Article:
Home Featured New Brunswick man wins workers’ comp appeal over funding of medical cannabis with higher levels of THC to manage pain

New Brunswick man wins workers’ comp appeal over funding of medical cannabis with higher levels of THC to manage pain

by HR Law Canada

New Brunswick’s Workers’ Compensation Appeals Tribunal has overturned two decisions made by the Workplace Health, Safety and Compensation Commission regarding the medical cannabis treatment of a worker who required high levels of THC.

The worker has been embroiled in a legal battle over the authorization and funding of his medical cannabis, specifically the tetrahydrocannabinol (THC) content in his prescription.

The dispute centered on two decisions by the Commission. First, a June 28, 2022, decision from the Commission’s Decision Review Office denied the worker’s request for medical aid as the evidence was deemed insufficient to alter the authorized level of THC in his medical cannabis.

Second, a decision on the same date denied his request for reconsideration of a previous decision, stating that new evidence provided was not substantial enough to warrant a change.

The case’s background reveals that the worker, suffering from chronic low back pain and right leg radiculopathy, had undergone various treatments including surgery and physiotherapy. Since 2014, he had been prescribed medical cannabis for pain management by his treating physician.

Despite his improved condition and ability to return to work in a different capacity, issues arose regarding the THC content in his medical cannabis.

The Commission initially authorized medical cannabis with less than nine per cent THC. However, the worker’s supplier provided cannabis with THC content varying between 16.4 per cent and 22 per cent. The Commission, adhering to its policy, later restricted the funding to cannabis with less than one percent THC.

The worker appealed the decisions, arguing the higher THC content was crucial for his pain management and functionality, and that he had not experienced any impairment at work.

“He says he achieves better results overall with medical cannabis with more than one per cent THC content. He found no relief with higher levels of CBD oil. Without higher THC content, his chronic pain flares up causing his work stoppage as corroborated by his testimony and sick leave records from September 2020 to April 2021,” the Tribunal said.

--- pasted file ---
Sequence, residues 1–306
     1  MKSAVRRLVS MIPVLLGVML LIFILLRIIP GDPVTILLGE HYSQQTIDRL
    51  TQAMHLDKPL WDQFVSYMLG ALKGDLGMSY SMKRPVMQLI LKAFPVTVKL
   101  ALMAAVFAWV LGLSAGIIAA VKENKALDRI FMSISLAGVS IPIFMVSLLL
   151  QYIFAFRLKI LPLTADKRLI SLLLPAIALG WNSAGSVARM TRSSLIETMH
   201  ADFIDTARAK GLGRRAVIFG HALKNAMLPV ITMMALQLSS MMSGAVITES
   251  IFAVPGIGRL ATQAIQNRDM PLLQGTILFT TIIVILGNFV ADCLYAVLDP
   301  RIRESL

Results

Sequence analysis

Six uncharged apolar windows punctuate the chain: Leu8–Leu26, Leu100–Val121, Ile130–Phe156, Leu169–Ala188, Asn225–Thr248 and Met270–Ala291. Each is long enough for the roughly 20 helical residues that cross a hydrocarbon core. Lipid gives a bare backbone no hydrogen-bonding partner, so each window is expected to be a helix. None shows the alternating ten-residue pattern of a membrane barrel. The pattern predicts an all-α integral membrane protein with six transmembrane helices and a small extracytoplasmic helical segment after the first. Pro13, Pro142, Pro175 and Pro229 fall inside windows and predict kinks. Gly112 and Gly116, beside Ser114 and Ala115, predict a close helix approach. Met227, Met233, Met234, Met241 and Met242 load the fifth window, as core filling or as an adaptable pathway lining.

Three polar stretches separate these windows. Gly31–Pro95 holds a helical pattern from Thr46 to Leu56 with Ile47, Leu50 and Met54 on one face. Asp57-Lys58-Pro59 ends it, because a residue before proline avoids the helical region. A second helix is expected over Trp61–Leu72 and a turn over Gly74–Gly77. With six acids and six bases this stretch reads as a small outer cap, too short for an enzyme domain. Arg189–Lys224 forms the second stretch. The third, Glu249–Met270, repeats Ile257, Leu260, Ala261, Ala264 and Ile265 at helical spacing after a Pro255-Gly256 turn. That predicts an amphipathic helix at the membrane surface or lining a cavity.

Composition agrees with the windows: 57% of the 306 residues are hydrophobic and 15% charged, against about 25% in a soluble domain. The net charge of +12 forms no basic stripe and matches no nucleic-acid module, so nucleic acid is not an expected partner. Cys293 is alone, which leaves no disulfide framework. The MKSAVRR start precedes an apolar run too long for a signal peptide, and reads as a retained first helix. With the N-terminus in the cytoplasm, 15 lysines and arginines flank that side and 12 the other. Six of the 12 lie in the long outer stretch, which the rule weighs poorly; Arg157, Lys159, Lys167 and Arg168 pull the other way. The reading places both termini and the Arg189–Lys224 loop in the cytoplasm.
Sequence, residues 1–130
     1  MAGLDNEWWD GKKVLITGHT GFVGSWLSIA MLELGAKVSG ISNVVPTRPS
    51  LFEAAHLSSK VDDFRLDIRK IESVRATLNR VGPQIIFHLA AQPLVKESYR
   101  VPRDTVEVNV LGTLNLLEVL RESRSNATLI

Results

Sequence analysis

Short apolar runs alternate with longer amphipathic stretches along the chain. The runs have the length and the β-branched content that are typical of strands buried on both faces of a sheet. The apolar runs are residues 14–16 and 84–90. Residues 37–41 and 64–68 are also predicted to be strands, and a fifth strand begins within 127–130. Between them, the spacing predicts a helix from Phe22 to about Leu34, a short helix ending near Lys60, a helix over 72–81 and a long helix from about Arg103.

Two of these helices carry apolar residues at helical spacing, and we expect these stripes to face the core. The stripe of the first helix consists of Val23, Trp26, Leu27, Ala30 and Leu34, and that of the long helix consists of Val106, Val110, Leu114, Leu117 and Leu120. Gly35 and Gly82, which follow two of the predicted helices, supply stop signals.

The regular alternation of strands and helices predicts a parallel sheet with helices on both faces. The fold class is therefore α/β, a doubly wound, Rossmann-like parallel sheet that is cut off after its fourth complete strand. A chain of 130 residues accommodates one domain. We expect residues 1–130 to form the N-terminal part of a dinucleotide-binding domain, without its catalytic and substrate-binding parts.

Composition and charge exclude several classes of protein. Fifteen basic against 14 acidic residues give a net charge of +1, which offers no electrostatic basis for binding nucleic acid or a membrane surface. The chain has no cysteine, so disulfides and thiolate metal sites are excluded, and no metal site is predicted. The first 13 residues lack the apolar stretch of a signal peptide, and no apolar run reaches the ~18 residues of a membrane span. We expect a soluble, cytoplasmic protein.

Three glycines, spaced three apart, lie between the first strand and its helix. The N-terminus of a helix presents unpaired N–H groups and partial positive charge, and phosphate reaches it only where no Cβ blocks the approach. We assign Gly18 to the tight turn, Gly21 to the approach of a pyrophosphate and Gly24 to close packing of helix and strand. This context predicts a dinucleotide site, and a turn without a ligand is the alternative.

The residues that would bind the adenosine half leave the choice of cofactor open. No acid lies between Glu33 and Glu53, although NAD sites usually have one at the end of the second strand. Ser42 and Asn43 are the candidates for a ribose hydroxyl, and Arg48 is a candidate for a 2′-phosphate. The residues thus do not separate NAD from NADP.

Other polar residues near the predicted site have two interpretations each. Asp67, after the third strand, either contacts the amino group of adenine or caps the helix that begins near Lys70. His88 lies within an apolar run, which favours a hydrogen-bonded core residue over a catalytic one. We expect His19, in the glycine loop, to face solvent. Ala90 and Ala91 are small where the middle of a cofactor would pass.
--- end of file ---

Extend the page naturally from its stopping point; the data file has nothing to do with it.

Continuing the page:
His doctor supported this position, emphasizing the worker’s significant improvement and adherence to the Medical Marijuana Treatment Agreement.

In its ruling, the Appeals Tribunal highlighted several key points. It noted that the worker’s medical aid in the form of cannabis with more than one per cent THC had been determined before the implementation of the Commission’s restrictive policy in 2020.

“I find that the Commission cannot restrict the approved quantity and type of medical aid in 2020 after it has already been determined by the appellant’s medical providers, since 2014, because it is a pre-existing entitlement,” the Tribunal said.

“The appellant has been using a higher THC medical cannabis, under medical supervision, with success and without evidence of any impairment at work. It has allowed him to continue working and has improved his activities of daily living.”

Therefore, the Tribunal found the policy inapplicable in this case. The Tribunal placed significant weight on the doctor’s opinions, who had directly treated and monitored the worker’s progress.

Consequently, the Tribunal directed the Commission to reinstate the previous prescription, dosage, and THC content of the worker’s medical cannabis as it was before the Commission’s decision in April 2020. It also ordered the Commission to continue funding the prescription and reimburse the worker for past purchases from a licensed producer or distributor.

For more information, see 20230278 (Re), 2023 CanLII 114624 (NB WCAT)

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